14. Jules

    Jules New Member

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    Feb 16, 2016
    80148C9B-9032-4B01-9CD6-916D2D702502.jpeg UPDATE!!

    Went to vet for 2:30 PM appointment. Peanut had high fever of 40.2c. Our vet did blood work and it turned out she had a bacterial infection. She was given ( I don’t know what it’s called officially) water under the skin and kitty Ibuprofen along with an antibiotic called Baytril 50mg plus 10 pills to take home. We came home and both crashed.
    8Pm she ate 5 treats. 940pm 3 treats then was offered her wet food Licked a little dollop of food.
    She looks so much better I am super relieved.
    So far so good!! Thanks
     
  15. HereKittyKittyKitty

    HereKittyKittyKitty Member

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    Aug 23, 2016
    YAY! Something simple and inexpensive! :joyful:
     
  16. HereKittyKittyKitty

    HereKittyKittyKitty Member

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    Aug 23, 2016
    Maybe kitties found the round worms after the vet visit. Grrrrrrrrrrrrrrrrrrrrrrrrrr!
     
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  17. Loulou

    Loulou New Member

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    Sep 1, 2018
    Glad to hear it's something treatable! She looks quite fluffy? My little Mimi (not in the picture) is a fluff ball & 2 days after we got her (as a kitten) started vomiting & was really lethargic & un-kitten-like. I panicked as she was a tiny little thing & was the runt of the litter. It turned out she'd had a bad case of fleas before she'd been rescued & had over-groomed herself, got a furball in her tummy with all sorts of bacteria which had then gotten infected & made her ill. Maybe a similar thing happened with your girl? Good to know she's getting better
     
  18. Veronica & Babu-chiri

    Veronica & Babu-chiri Well-Known Member

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    Aug 5, 2016
    I'm glad it was just an infection easily treatable give him a lot of hughs :bighug::bighug::bighug: and I hope he starts feeling better soon

    Water under his skin is usually subcutaneous fluids and it is used to help when a cat is dehydrated ( and some other issues like CKD) because it allows the cat to have much more water than what he could possibly drink
     
  19. Critter Mom

    Critter Mom Well-Known Member

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    Jun 16, 2014
    Very glad that Peanut is responding well to treatment. As a precaution it might be advisable to get your vet to check heart, thyroid and kidney function for peace of mind.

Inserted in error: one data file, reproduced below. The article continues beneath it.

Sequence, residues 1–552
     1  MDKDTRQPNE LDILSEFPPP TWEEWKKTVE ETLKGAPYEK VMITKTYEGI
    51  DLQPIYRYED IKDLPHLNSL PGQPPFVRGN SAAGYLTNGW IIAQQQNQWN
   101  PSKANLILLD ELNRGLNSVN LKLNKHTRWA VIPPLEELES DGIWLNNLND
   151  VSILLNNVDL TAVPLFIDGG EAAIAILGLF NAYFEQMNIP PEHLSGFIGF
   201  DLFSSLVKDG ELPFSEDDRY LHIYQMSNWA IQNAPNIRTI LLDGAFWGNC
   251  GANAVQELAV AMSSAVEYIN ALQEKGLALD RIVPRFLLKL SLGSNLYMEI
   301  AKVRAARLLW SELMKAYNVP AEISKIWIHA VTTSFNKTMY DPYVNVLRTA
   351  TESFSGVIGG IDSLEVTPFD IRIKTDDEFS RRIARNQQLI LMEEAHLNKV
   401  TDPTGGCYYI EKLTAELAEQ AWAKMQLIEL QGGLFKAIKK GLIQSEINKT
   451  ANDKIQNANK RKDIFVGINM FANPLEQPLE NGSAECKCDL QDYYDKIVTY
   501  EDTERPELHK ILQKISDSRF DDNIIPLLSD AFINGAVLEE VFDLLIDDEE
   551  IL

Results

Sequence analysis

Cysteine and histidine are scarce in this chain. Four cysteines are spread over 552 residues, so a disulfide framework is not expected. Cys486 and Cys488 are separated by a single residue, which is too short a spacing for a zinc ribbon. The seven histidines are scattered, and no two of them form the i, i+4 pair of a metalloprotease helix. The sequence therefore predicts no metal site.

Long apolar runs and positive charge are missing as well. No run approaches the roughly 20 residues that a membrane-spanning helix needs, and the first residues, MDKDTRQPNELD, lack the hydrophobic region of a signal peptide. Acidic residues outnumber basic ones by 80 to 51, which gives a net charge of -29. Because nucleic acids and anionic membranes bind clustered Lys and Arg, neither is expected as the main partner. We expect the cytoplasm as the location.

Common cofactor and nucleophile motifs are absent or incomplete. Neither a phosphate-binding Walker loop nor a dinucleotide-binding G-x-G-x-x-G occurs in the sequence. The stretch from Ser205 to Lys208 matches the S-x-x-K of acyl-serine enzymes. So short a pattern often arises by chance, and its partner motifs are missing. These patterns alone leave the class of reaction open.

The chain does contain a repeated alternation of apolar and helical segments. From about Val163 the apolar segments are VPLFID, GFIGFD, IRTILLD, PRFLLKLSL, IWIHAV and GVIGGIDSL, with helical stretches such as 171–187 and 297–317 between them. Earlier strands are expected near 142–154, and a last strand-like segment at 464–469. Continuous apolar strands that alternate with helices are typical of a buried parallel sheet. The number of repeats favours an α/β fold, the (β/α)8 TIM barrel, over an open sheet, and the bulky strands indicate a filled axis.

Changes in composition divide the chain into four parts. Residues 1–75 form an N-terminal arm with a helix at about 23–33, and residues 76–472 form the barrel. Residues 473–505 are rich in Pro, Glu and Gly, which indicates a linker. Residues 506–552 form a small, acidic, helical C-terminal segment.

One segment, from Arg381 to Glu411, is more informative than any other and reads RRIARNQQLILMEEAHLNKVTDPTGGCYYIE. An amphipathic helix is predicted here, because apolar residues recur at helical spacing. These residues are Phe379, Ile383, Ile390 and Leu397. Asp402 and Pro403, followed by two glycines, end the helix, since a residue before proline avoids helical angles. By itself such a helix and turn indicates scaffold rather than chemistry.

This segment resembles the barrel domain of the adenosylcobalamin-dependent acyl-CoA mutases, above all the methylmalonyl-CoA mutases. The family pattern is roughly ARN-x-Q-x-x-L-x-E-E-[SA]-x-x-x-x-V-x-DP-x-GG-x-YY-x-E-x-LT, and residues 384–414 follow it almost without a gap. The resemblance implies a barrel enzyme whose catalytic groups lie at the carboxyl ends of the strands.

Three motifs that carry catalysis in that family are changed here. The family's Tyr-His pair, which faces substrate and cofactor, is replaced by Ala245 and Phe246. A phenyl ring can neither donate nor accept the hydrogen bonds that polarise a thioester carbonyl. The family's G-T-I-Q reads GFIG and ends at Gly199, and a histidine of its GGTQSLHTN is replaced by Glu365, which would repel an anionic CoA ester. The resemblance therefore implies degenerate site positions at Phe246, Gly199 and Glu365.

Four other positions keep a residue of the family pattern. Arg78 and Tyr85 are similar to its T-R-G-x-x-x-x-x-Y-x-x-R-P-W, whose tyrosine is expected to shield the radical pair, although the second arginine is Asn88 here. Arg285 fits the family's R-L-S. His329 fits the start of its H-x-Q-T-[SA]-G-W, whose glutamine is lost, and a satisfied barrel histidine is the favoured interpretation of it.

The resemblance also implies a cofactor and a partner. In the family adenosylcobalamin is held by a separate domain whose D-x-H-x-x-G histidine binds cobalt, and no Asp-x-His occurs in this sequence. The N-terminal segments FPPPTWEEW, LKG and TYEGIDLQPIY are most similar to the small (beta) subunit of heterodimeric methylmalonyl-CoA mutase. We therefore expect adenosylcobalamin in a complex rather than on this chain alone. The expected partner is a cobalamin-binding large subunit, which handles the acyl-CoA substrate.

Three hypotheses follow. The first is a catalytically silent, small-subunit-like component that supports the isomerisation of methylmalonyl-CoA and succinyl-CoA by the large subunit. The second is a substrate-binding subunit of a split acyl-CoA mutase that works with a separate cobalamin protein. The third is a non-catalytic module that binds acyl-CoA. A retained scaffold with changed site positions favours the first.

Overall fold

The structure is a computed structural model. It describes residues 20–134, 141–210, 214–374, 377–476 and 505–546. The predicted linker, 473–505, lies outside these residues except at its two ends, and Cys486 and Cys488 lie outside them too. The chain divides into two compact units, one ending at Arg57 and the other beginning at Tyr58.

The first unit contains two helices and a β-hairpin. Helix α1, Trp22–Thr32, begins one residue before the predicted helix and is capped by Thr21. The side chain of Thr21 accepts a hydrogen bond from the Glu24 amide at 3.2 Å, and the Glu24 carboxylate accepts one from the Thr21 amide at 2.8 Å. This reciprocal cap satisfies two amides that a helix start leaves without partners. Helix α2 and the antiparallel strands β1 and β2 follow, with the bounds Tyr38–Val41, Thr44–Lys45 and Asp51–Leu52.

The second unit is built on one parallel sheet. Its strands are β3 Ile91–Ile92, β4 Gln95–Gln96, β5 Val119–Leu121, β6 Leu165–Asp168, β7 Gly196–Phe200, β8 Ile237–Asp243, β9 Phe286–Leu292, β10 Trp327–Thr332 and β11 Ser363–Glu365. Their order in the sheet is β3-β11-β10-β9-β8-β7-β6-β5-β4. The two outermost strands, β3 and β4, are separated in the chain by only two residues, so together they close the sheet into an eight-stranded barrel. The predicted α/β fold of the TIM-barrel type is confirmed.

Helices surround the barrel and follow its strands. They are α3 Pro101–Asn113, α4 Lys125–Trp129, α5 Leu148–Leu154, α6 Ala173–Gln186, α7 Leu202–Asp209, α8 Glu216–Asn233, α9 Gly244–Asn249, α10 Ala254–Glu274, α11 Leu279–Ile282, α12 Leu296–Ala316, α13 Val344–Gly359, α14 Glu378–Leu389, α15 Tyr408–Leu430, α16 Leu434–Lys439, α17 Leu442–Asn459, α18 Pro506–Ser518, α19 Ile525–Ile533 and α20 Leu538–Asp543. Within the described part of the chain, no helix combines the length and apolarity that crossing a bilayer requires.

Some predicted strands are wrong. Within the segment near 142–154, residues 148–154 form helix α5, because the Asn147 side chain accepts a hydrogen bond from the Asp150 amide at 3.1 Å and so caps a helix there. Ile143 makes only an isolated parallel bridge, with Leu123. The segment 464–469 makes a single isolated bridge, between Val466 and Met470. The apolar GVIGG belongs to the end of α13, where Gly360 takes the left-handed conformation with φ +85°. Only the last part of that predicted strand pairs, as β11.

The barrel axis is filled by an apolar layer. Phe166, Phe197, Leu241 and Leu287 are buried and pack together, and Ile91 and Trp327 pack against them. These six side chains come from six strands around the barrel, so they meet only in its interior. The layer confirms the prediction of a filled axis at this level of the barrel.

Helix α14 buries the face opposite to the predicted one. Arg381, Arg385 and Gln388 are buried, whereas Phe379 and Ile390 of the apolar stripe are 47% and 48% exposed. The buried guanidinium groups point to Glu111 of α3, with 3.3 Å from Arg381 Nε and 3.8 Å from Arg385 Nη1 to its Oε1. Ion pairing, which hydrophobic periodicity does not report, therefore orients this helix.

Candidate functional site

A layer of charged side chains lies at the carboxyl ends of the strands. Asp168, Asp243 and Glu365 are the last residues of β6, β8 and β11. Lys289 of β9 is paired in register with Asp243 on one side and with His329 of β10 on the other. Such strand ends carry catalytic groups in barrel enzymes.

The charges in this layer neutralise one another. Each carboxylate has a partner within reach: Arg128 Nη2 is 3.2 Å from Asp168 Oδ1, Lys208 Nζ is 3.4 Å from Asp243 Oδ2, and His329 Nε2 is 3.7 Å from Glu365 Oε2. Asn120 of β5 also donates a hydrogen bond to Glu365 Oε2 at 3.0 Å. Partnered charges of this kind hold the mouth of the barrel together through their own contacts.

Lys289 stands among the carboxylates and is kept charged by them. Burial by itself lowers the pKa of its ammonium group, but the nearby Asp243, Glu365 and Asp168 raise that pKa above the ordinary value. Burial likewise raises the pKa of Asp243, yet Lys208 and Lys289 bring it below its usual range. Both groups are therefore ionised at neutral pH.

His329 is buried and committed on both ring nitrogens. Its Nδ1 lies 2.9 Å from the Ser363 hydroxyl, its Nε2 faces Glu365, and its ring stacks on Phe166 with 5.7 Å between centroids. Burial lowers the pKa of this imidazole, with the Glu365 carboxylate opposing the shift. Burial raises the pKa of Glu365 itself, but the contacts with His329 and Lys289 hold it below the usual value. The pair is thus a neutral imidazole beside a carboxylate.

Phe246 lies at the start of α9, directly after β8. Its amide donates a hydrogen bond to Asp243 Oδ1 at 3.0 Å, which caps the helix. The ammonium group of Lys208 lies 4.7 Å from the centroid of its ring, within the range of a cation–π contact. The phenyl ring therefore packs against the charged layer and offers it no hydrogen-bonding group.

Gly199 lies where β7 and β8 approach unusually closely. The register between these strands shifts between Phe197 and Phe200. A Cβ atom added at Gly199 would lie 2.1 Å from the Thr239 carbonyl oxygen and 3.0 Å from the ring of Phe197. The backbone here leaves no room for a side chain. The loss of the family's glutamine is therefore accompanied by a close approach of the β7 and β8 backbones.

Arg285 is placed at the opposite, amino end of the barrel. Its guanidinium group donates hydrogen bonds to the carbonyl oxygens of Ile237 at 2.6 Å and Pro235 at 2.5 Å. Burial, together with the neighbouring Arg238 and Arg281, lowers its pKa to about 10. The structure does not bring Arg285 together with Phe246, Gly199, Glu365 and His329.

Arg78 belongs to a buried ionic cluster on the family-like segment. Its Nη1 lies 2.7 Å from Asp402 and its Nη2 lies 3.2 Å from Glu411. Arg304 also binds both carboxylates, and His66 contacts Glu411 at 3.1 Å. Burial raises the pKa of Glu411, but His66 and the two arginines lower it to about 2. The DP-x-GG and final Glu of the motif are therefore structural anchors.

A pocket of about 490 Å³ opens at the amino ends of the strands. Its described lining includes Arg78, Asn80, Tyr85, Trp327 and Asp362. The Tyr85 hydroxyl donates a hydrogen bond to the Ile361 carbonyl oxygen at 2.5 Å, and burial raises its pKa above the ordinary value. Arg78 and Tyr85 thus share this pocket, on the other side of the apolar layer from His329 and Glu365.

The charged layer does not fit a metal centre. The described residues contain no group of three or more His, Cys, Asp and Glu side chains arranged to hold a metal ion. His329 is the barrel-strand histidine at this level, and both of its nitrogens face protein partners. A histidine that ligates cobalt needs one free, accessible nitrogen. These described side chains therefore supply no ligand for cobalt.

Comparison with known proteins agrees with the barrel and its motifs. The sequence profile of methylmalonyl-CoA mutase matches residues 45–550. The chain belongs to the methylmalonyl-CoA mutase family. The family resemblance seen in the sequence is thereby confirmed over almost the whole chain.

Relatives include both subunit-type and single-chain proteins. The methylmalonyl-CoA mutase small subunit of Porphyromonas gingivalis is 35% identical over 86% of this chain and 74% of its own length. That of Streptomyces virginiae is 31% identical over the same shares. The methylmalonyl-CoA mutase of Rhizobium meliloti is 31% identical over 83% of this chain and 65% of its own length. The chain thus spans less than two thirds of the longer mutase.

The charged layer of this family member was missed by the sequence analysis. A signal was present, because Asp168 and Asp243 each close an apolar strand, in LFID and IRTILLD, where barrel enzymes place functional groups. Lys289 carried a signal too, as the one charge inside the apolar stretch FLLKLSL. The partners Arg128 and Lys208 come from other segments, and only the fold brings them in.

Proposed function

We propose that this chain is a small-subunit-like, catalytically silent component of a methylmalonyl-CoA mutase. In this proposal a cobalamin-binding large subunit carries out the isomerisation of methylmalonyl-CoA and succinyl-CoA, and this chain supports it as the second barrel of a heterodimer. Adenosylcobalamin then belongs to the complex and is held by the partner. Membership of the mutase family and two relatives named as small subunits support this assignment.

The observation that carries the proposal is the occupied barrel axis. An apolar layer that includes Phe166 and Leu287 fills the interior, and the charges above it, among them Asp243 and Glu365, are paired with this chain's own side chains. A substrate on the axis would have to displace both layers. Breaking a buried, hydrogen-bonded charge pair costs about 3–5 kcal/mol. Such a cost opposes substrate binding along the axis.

Mogs
    .
     
  20. Jules

    Jules New Member

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    Feb 16, 2016
    UPDATE

    So peanut has been sick with an URI since last Monday night. She’s been to the vet 3 times this week for fluids and various medicines. Last night we took her and Peanut was given Fluids under the skin for dehydration. Convenia 80mg which is an injectable long-acting antibiotic also a metacam injection to bring her fever ( 39c) down.

    They gave her a prescription of mirtazapine which stimulates appetite to be given every 2-3 days if she continues not eating or drinking. She was given one dose at the vets but it hasn’t worked yet she still will not eat or drink just wants to sleep very congested.

    The first time they gave peanut mirtazapine as soon as we got home she was so hungry she devoured whatever we put in front of her this time she wouldn’t touch anything. I understand that she can’t breathe therefore she can’t taste but she’s been three days without food now. My husband has just gone out to buy some Saline nose drops for children so we can unblock peanuts nose. I’ve been searching on the Internet and I’ve seen that it has helped a lot of people with their cats. I’m wondering if anyone else has tried this? At this point I will try anything I’m at a loss I’m so stressed I don’t want my baby to die. What a week.
     
  21. Jules

    Jules New Member

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    Feb 16, 2016
    How long does subcutaneous fluids last?
    I’m very new at this I have never had a cat with a URI before. The vet just keep saying she’ll get better but she’s not $620 later. I love her so much I would never deny her care because of money I’m just hoping my vet isn’t taking advantage.
     
  22. JeanW

    JeanW Member

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    Jul 24, 2017
    Have you gone to this vet a long time? I would consider getting a second opinion or going to the animal ER, if it was me. Not eating for 3 days is a really big deal.
     
  23. Veronica & Babu-chiri

    Veronica & Babu-chiri Well-Known Member

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    Aug 5, 2016